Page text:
On this day Bell turns right, then onto the narrow, crowded Avenue Mauricio Baez, and steers past small storefronts and shacks, beeping his horn and waving to friends. He pulls up in front of a tavern marked by a Bermudez Rum sign that reads COLONADO CHURITO. Here, in a two-room apartment in the back, lives his youngest brother, Juan—or Tito, as the 21-year-old Baltimore Oriole infielder prefers to be called—with his wife and their two children. George honks twice and Tito, a couple inches shorter than George and much narrower, appears in his Oriole uniform pants and cap and gets in the car. Another block down Avenue Mauricio Baez, George points to a two-story Georgian house. "My mother's probably cooking, as usual." he says. George bought the house for his parents five years ago; the elder Bells live there when they're not helping run the avocado and banana farm George owns, two hours from San Pedro.
"People in America think all Dominicans are uneducated and have nothing to eat," he says. "But we always had mucho food. My parents made sure we never wanted for anything. They made sure every one of the kids [four boys, one girl] graduated from high school." This, he knows, is an improbable feat in a country where roughly one in 15 is a high school grad. "In a lot of families here, there are arguments and people don't talk to one another for years. Never us. We've all been close. We're honest with one another, and we communicate, and it's because of my parents."
Bell drives out onto a road that cuts through sugarcane fields. Up ahead several teenagers walk along the road and move to the side as the car approaches. One kid, however, dawdles in the road, daring the Mercedes to run over him. George floors the accelerator, and then, at the last moment, slams on the brakes, screeching to a halt as the kid dives for the roadside. "That guy stood there like he was saying. 'I don't have to get out of the way for nobody,' " says Bell, giving a glimpse of the emotionality that plagues him in Toronto. "Nobody pulls that stuff on me."
Then just as suddenly, as if nothing had happened, he is merrily on his way again, explaining to the visitor, "This is where we grew up." He drives through dirt streets populated by pigs and dogs and lined with wooden shacks. He circles past the Santa Fe sugar factory and parks at the ball field behind it. Two horses graze in the grass near the fence behind home plate. On the third base side are piles of sugarcane, stacked and ready for the refinery. Seated in the stands behind home plate are maybe 30 people, some young kids, some mature men. In the outfield, nearly 30 young players in Astro uniforms are running wind sprints.
The Houston organization works out its Dominican minor leaguers at this park, beginning the first of January. George and Tito Bell join in, and before long Alfredo Griffin, the Dodger shortstop, and Rafael Ramirez, the Astro shortstop, drive up.
When batting practice begins, George situates himself near the plate and several times stops the kids at bat to offer tips. When the Astro kids leave, George, Ramirez and Griffin take Tito to shortstop to work with him on his throwing position after fielding ground balls. "Too many people have worked with my brother and messed him up," George says. "He needs to get straightened out by big leaguers who know what they"re doing."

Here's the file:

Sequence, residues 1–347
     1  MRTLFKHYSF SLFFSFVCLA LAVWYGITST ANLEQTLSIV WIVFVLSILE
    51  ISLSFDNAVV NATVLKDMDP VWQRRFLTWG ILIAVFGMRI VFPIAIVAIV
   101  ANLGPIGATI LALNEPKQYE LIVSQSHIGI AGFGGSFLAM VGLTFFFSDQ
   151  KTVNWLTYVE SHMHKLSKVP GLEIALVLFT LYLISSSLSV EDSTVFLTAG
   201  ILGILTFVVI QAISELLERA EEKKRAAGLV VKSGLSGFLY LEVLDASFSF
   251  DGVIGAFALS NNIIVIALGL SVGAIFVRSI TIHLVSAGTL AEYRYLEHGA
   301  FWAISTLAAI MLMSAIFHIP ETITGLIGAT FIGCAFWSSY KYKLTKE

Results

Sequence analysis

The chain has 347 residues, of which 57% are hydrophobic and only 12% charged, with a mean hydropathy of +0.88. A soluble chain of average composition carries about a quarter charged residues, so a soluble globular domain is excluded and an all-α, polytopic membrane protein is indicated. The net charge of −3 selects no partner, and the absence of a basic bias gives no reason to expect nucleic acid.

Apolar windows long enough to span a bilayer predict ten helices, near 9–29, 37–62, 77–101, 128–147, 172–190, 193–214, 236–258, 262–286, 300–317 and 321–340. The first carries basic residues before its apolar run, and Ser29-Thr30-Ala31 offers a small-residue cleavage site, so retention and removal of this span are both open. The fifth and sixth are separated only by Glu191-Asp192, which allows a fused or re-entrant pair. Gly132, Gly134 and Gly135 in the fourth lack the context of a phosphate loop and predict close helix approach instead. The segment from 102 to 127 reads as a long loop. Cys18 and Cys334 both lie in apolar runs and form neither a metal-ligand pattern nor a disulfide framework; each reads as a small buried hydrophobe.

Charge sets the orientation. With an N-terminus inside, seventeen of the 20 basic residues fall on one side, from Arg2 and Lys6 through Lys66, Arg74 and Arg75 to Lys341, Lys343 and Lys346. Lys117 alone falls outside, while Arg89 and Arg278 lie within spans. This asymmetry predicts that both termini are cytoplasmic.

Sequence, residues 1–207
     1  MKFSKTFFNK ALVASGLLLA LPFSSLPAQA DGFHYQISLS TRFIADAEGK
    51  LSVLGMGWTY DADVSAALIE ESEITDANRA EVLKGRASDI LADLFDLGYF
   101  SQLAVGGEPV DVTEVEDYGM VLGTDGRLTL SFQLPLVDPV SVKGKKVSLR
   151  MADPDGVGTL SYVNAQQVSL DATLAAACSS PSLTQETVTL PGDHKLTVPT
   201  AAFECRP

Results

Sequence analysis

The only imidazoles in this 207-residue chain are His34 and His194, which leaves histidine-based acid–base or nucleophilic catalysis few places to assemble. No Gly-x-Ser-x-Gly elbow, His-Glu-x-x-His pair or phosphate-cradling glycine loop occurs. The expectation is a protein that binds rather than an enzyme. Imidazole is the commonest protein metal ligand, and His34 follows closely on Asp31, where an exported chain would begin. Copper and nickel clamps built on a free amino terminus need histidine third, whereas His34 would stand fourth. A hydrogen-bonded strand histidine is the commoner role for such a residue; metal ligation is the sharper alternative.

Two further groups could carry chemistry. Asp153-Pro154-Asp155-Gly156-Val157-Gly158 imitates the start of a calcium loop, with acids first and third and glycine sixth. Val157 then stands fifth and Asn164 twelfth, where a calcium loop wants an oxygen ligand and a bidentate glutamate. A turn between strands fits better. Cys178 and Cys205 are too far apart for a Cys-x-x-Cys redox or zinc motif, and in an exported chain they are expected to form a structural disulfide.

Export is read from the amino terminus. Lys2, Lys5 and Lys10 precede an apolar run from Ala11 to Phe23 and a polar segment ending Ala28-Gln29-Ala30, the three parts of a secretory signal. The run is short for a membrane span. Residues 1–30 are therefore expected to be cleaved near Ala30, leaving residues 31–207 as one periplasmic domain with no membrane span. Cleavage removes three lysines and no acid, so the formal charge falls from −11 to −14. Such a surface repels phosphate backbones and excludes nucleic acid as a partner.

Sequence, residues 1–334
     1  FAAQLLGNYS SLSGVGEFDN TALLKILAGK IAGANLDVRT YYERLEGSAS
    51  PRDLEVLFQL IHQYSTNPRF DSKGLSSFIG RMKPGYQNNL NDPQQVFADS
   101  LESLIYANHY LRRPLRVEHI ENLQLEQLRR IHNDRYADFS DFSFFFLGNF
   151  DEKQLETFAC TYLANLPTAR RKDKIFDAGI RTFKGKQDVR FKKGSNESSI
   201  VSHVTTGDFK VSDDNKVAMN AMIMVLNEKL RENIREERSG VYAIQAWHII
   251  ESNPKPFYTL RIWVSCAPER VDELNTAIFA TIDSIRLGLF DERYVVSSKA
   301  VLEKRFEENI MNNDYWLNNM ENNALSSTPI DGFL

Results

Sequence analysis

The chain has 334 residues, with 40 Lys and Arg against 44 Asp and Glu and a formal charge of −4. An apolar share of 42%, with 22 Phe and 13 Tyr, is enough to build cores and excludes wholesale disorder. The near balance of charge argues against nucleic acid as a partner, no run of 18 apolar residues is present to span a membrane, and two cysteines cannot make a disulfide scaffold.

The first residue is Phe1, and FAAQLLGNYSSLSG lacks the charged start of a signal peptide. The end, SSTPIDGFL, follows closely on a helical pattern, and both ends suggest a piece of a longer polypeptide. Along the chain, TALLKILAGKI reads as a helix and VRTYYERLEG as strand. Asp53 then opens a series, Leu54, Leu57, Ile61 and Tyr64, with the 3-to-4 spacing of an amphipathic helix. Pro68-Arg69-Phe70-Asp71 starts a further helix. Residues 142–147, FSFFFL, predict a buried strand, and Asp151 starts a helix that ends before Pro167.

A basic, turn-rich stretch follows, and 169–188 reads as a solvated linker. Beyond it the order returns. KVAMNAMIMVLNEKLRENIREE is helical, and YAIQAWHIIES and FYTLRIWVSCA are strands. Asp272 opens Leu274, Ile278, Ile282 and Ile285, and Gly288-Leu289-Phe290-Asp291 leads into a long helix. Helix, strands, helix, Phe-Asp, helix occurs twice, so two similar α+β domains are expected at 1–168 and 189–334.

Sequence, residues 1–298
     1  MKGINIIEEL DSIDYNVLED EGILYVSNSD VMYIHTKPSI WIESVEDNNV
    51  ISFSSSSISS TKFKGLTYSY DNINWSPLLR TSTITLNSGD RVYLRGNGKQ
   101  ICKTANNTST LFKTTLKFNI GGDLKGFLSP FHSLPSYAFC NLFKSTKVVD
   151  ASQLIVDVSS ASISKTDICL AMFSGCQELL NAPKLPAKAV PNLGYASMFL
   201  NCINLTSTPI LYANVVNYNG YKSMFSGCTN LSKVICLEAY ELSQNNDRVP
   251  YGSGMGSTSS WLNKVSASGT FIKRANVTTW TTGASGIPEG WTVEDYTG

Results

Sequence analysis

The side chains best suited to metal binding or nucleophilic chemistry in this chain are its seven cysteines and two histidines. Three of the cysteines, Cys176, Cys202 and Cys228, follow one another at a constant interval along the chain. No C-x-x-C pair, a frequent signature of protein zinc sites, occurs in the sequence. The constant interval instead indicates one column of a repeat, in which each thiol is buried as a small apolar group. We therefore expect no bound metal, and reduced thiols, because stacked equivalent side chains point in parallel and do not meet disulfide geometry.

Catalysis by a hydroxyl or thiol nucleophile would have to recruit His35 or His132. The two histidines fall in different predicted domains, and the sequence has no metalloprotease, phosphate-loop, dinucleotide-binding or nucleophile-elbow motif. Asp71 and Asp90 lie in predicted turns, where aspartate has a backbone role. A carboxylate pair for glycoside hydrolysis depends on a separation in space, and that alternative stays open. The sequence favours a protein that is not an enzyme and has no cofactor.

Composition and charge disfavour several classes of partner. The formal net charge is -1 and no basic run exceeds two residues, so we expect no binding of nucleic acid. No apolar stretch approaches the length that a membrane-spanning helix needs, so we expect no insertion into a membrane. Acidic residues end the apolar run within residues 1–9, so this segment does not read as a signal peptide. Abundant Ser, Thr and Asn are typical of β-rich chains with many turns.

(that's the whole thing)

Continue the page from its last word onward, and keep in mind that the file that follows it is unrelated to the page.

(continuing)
George starts working out here every year in early January. "This year, I'm running and working a little harder than I ever have," he says. "But 30 isn't really old. And I think I'm coming off a pretty good year. I think I should have been the MVP—Robin Yount was the MVP of the losing teams. In fact. I think I've had six pretty good years." In Bell's last six years with the Blue Jays, his average season is .292, 29 HRs, 104 RBIs. No American Leaguer has hit more homers in that time (only Darryl Strawberry and Dale Murphy top him in the National League), and the only player in either league with more RBIs is Don Mat-tingly. And in those six years, Bell has missed only 32 games.
"But I don't know what my future is in Toronto," Bell says. "I always hear I might be traded. This is the last year of my contract [at $2 million per year], and I've heard that they won't sign me again. Who knows? I am what I am. I'm not going to change now. I have a lot of fun playing this game. I love it. Sure, I have a malo temper sometimes, but I will do anything to win for my team. If that's not enough for Toronto, fine. I've overcome a lot in my life. I'm not going to be scared now."
George Antonio Bell grew up in a five-room house near the sugar factory; his father. George Vinicio Bell, worked at various jobs, including engineer for the railroad. The name is George, not Jorge, as George A. explains, "because we're English." (A great-grandmother on the paternal side, George says, was from London.)
In his younger days. George V. was a baseball talent—"a better player than any of my boys," he says—and helped build the park near the sugar factory when he was playing for and managing the Santa Fe semipro team. His wife, Juana. raised the kids. "And cooked," says George the younger. "Boy, did she ever cook. Back then, everyone's lives revolved around the sugar factory. For eight months, everyone was happy because it was open. But for four months, it was shut down. People didn't have money for food. We always had enough, so in those four months my mom would cook and give food to people who needed it. She's an amazing lady."